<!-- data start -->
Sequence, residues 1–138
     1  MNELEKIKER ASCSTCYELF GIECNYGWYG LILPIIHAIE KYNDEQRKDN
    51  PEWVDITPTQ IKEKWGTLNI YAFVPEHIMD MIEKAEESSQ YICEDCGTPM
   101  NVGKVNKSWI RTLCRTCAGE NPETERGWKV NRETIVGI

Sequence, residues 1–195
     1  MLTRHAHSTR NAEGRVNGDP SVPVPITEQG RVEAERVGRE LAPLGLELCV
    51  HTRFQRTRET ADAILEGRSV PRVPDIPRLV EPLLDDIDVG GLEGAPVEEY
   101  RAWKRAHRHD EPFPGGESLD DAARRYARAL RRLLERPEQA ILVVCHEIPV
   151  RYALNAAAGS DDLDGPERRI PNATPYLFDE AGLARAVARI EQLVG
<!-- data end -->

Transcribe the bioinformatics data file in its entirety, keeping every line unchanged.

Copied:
Sequence, residues 1–138
     1  MNELEKIKER ASCSTCYELF GIECNYGWYG LILPIIHAIE KYNDEQRKDN
    51  PEWVDITPTQ IKEKWGTLNI YAFVPEHIMD MIEKAEESSQ YICEDCGTPM
   101  NVGKVNKSWI RTLCRTCAGE NPETERGWKV NRETIVGI

Sequence, residues 1–195
     1  MLTRHAHSTR NAEGRVNGDP SVPVPITEQG RVEAERVGRE LAPLGLELCV
    51  HTRFQRTRET ADAILEGRSV PRVPDIPRLV EPLLDDIDVG GLEGAPVEEY
   101  RAWKRAHRHD EPFPGGESLD DAARRYARAL RRLLERPEQA ILVVCHEIPV
   151  RYALNAAAGS DDLDGPERRI PNATPYLFDE AGLARAVARI EQLVG